More and more couples are opting not to go on a honeymoon immediately after their wedding is over. It’s understandable given that the average cost of a wedding in 2019 was $33,900 and most couples spend around $5,000 on a honeymoon, according to The Knot 2019 Real Weddings Study. The Knot’s research shows that over 70 percent of couples still go on honeymoons, but

My wife Macey and I are among the couples who chose not to hop on a plane the day after our wedding. We got married in September 2019 and we’re going on our honeymoon (actually part one of our honeymoon, but I’ll get to that later) in May 2020, a full eight months later. We had several reasons for doing so, but the primary two were the amount of time we could take off from work and reducing stress around the wedding.

While it may seem like a downer not to embark on a trip right away, there are a few things you might be able to do if you don’t go on a honeymoon right away.

1. You can go on a trip before your wedding.

Wild, right? But I have at least a couple of friends who went on international trips in the last four months leading up to their wedding. Macey and I didn’t quite do that, but we did take a short trip to San Francisco, California, four months before our wedding. We were partly able to do that because we weren’t saving up for (or planning) a massive trip right after our wedding. We knew it would likely be the last time we’d travel in 2019 due to how much PTO we had available, so we made the most of it.

If you and your partner(s) plan around this idea, you can build a pre-wedding trip into your wedding prep from the start. Just make sure that before you take off, you check in with all your vendors—you don’t want to miss an important deadline or payment because you’re not able to check email from wherever you go.

2. You can go on a mini honeymoon.

We called ours our “mini-moon,” and we only went for a weekend, but depending on your budget and PTO, you could feasibly go for several days or a week. It’s a chance to travel, often more locally than a honeymoon typically inspires, and spend quality time together after your wedding without breaking the bank.

My wife and I genuinely couldn’t have taken off as much time as we wanted for our honeymoon if we did it in 2019, but that didn’t mean we weren’t going to spend some dedicated time celebrating. We had an excuse to make our “mini-moon” into a whole thing. We spent money on fancy champagne and nice dinners and even went up to the rooftop bar just because we wanted churros.

Related: EVERYTHING YOU NEED TO KNOW ABOUT PLANNING YOUR LGBTQ+ HONEYMOON

3. You can take more time off surrounding your wedding.

Honestly, most of us are at the whims of our employer’s PTO and even self-employed people can’t take vacations constantly or they won’t make any money. A few couples might be fortunate enough to plan around natural time off from work, like if you’re a teacher, but otherwise, whether you get two weeks or five, you have to count the days and make sure you’re using them wisely.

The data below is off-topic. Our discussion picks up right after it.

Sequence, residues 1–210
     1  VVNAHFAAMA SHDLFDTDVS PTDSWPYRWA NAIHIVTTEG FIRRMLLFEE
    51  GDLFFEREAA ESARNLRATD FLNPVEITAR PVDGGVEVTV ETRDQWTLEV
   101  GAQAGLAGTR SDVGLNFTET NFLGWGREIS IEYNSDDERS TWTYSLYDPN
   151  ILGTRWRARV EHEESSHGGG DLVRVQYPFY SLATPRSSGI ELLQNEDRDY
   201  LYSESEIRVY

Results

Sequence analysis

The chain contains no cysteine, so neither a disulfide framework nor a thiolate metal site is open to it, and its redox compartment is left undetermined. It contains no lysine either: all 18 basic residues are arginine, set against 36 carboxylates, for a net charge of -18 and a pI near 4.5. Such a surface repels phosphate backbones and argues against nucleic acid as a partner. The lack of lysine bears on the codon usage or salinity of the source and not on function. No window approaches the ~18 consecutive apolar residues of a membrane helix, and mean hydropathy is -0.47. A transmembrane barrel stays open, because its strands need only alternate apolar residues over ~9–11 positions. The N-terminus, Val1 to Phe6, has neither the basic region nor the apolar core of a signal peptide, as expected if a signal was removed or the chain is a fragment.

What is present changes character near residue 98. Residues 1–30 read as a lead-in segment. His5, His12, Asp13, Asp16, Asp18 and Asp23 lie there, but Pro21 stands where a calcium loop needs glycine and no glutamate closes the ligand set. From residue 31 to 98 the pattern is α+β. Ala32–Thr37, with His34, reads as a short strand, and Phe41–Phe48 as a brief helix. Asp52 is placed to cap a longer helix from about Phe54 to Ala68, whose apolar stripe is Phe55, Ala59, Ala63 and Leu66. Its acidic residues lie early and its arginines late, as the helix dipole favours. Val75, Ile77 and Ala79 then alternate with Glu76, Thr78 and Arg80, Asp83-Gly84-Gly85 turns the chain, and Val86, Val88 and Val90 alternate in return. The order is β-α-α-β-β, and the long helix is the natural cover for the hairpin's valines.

Because we didn’t push ourselves into a honeymoon soon after the wedding, we were able to take more days off before and after the wedding to spend time alone and with our loved ones. I wanted to take off a full week before the wedding just to finish prep and actually relax, let the joy sink in and reflect on this next step. I also didn’t want to jump right back into work the Monday after our Saturday wedding; I wanted to cuddle with my new wife and sleep in a little. If you don’t plan a honeymoon right away, you might leave yourselves with more PTO play with. We all know wedding planning can be stressful, especially in the last few months, so take advantage: Take a day off for absolutely no reason the month before your wedding, just to hang out. Take a mental health day when you feel like there’s absolutely nothing you can do to keep from freaking out. Take a day to hang out with your family or members of the wedding party who probably wanna celebrate with you. Go get a massage. Get your nails done. Take yourself to lunch.

4. You can spread your honeymoon out.

This is kind of like the first tip, but who says your honeymoon has to be only one trip? I mean, it’ll get a little confusing to other people if you’ve been married for 15 years and you’re still calling every trip you take together your ‘honeymoon,’ but why does the event have to be all taken at once?

Macey and I were inspired by our struggles to figure out where to go for our honeymoon, so we decided to split it into two trips: One trip to Hawaii in May, for a relaxing and tropical vacation; and one trip to the UK and Ireland in September (during our anniversary), for a trip that we hope will be bookish, educational and a little spooky.

Your honeymoon does not necessarily have to be one to two weeks in length, all at one time. Maybe you want to see Australia and Thailand. Maybe you want to go to Europe and see France, England, Scotland and Ireland. Maybe your dream honeymoon involves something adventurous and lengthy, like a road trip or backpacking or volunteering. The point is that if you don’t go right after your wedding, you might have more time (and money) to make those dreams come true. Have it all! If you can, take a full three weeks and backpack around South America; it’s your honeymoon and it is what you make it.